Feb 022014

Cheap laser pointers abound in many different products. I recently purchased a handheld infrared thermometer and it included a red laser pointer for sighting purposes. The first thing my mother asked was, “Is it dangerous?” to which I replied the standard “no” but how can I be so sure?

GM550 IR thermometer

According to the product markings it uses a “safe” Cat II laser. It also had markings for CE and FDA approval but then again it was a cheap product made in China.

I had a quick search online for how to check laser pointer safety but drew a blank for low-power red laser pointers. I did on the other hand find a useful academic paper written in fairly accessible language identifying concerns and how to check green laser pointer safety. It may be worth a read to check whether any of the concerns raised and methods used could be relevant to red laser pointers.



An inexpensive green laser pointer was found to emit 20 mW of infrared radiation during normal use. This is potentially a serious hazard that would not be noticed by most users of such pointers. We find that the problem derives from an unsafe design, and describe a simple method of testing for it using common household items.

 Posted by at 7:12 pm
Feb 012014

This week I bought a cheap GM550 Infrared Thermometer on eBay. There were many models to choose from but this one appealed to me due to its low price (GBP 11.35) and stated measurement range (-50 to 550 C). Other cheaper units exist but they have a lower maximum temperature (typically 380 C) which may not be adequate if I need to measure stove and incinerator temperatures.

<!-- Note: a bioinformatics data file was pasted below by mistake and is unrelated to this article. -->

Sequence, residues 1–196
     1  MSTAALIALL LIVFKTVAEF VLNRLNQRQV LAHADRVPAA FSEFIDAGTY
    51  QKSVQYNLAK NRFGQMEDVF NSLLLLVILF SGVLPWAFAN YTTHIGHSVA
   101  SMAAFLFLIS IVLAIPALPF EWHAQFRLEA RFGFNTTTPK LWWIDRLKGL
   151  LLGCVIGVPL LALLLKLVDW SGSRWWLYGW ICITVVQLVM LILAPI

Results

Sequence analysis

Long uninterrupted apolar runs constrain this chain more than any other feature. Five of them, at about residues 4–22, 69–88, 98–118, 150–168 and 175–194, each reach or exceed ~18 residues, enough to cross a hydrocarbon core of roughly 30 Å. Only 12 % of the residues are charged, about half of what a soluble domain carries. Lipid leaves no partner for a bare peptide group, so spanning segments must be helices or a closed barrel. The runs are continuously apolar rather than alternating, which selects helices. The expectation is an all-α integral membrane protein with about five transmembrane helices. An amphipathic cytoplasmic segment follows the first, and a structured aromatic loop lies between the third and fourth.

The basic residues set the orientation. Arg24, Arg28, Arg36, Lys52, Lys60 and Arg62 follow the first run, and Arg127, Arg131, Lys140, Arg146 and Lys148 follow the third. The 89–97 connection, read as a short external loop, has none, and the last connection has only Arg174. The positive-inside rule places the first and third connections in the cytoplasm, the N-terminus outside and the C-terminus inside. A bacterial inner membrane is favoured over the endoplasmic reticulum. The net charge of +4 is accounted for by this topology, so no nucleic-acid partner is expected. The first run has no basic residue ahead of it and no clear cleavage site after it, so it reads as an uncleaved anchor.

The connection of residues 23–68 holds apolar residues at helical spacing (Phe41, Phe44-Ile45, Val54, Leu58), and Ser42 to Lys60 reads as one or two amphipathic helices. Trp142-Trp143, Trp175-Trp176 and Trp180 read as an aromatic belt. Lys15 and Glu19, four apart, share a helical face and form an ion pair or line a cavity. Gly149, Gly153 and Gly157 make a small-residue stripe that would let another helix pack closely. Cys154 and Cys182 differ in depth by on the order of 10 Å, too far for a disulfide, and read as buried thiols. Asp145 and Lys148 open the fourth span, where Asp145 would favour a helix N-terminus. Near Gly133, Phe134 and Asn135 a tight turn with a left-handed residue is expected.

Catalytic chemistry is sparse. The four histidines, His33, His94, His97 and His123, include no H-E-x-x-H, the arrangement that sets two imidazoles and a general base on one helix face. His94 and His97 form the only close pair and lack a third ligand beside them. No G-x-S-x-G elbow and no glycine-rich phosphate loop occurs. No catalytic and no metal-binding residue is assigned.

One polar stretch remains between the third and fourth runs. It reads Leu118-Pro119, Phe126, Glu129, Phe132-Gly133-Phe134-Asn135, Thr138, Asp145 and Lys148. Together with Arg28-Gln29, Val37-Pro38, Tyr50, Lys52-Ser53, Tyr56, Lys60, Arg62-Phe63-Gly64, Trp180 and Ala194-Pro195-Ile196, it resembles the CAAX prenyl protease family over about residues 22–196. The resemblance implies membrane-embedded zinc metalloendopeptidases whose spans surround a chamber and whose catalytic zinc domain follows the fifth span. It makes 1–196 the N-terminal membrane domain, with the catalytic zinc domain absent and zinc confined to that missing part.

The GM550 thermometer has a resolution of 0.1 C and claimed accuracy as follows:

 0 C to 550 C +/- 1.5 C or +/- 1.5%

-50 C to 0 C +/- 3 C

* Whichever is greater

According to the specification, normal room temperatures should be measured to about +/- 1.5 C. Temperatures below freezing are much less accurate (+/- 3C) and the highest temperatures should be within +/- 8.25 C.

I have compared room temperature readings taken with the GM550 and an Oregon Scientific digital thermometer (a domestic thermometer) and found the readings to be very similar, typically within 0.8 C.